RTI: Jeju "Mayflower" Church receives aid from UNHCR



Wednesday, February 9, 2022

Christians of the Mayflower Church during Sunday service in Jeju
(Photo: Pastor Pan Yongguang)


 

(Radio Taiwan International / ChinaAid—February 9, 2022) As the Mayflower Church wades through potential options, the United Nations High Commissioner for Refugees contacted the 60 Christians. Radio Taiwan International reported on the development, and ChinaAid translated it into English. Read the full article below:


Sixty Christians of Shenzhen Holy Reformed Church, also referred to as the Mayflower Church, fled to Jeju Island, South Korea in 2019 to avoid the Chinese Communist Party’s harassment. On January 26, 2022, the Supreme Court of Korea rejected their political asylum applications. They now face deportation to China at any time. 

 

The church’s pastor Pan Yongguang mentioned in a recent interview by Radio Taiwan International that he received a phone call from the South Korea office of the United Nations High Commissioner for Refugees (UNHCR) in the afternoon of February 7. They provided him with lawyers’ contact information and contacted local charity groups to donate food and winter clothes. They also helped two pregnant women get medical insurance. Pastor Pan is very grateful for their help. But no substantial change has happened to their situation yet.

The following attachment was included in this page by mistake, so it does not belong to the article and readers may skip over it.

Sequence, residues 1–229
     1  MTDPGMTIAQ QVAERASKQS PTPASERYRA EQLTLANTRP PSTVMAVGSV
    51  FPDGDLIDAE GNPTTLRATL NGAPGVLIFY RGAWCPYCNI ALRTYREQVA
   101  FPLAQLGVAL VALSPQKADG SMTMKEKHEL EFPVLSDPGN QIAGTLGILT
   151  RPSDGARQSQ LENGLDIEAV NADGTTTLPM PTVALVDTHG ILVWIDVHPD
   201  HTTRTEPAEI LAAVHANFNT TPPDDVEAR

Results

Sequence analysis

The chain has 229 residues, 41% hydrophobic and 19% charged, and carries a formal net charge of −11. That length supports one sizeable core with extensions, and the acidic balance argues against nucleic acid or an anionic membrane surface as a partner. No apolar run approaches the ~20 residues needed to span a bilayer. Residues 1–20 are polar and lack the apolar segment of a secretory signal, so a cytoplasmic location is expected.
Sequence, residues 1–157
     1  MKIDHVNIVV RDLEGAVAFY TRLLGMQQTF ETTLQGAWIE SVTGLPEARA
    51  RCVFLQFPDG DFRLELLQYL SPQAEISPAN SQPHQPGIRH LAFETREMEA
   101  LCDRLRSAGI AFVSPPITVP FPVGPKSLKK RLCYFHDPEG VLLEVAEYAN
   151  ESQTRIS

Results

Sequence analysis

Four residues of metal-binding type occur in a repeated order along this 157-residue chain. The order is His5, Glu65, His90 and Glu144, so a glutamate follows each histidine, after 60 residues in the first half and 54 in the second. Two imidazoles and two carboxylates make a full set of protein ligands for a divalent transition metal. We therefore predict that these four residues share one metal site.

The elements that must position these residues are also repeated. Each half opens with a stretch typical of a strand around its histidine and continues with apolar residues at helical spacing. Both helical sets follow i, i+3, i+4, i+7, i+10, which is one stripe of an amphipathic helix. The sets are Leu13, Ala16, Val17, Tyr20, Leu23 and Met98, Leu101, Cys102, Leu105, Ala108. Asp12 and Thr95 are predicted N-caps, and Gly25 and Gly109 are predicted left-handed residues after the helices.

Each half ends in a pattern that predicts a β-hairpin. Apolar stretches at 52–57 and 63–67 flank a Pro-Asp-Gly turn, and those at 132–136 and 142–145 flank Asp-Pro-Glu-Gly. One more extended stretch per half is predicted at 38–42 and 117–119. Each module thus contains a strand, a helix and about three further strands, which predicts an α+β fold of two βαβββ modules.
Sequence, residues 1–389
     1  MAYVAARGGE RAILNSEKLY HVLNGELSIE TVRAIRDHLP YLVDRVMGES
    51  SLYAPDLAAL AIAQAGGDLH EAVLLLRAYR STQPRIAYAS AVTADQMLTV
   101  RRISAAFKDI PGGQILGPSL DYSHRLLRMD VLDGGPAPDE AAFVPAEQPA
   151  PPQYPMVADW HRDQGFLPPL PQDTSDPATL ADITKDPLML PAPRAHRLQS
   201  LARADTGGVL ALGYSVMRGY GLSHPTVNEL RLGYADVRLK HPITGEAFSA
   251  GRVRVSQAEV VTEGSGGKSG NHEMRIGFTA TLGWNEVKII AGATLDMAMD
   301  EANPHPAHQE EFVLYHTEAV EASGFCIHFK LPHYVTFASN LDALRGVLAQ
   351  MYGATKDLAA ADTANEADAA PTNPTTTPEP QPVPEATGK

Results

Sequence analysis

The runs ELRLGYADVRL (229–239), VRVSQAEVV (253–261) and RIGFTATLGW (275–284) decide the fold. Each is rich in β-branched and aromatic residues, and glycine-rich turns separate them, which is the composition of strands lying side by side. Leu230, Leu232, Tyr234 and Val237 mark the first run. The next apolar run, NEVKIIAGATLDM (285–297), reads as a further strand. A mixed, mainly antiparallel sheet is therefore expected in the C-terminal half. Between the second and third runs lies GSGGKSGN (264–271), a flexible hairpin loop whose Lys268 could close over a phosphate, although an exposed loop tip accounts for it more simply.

Shenzhen Holy Reformed Church was established in 2012. Like other larger house churches, the church has a church building and a church school to provide Christian education to believers’ children. Pastor Pan said: 

 

Because Shenzhen is very close to Hong Kong, the whole city entered a state of emergency after the Anti-Extradition Law Amendment Bill protests broke out in Hong Kong in June 2019. Our church faced intensified persecution. Police officers visited us several times and asked us to close our church and shut down our school. But we were not willing to do that... After thorough consideration, we decided to temporarily flee to another place and go back to Shenzhen a few years later. We never thought about leaving our country forever. 

 

 

 

Congregants doing menial labor, like picking tangerines, to make ends meet
(Photo: Pastor Pan Yongguang)


At the end of October 2019, 16 families (60 Christians, including 31 children) fled to Jeju Island in South Korea, where visa-free travel is offered for Chinese citizens. This was the first time a large group of Chinese Christians flee the country together since CCP took power in 1949.  

 

South Korea has a very complicated political asylum application process, and a very low approval rate of 0.4%. after the Supreme Court of Korea rejected their political asylum applications, they have the opportunity to re-apply by submitting additional documents, but the chance of approval is very small. They now face deportation to China at any time. 

 

ChinaAid is working actively to rescue these Christians. 



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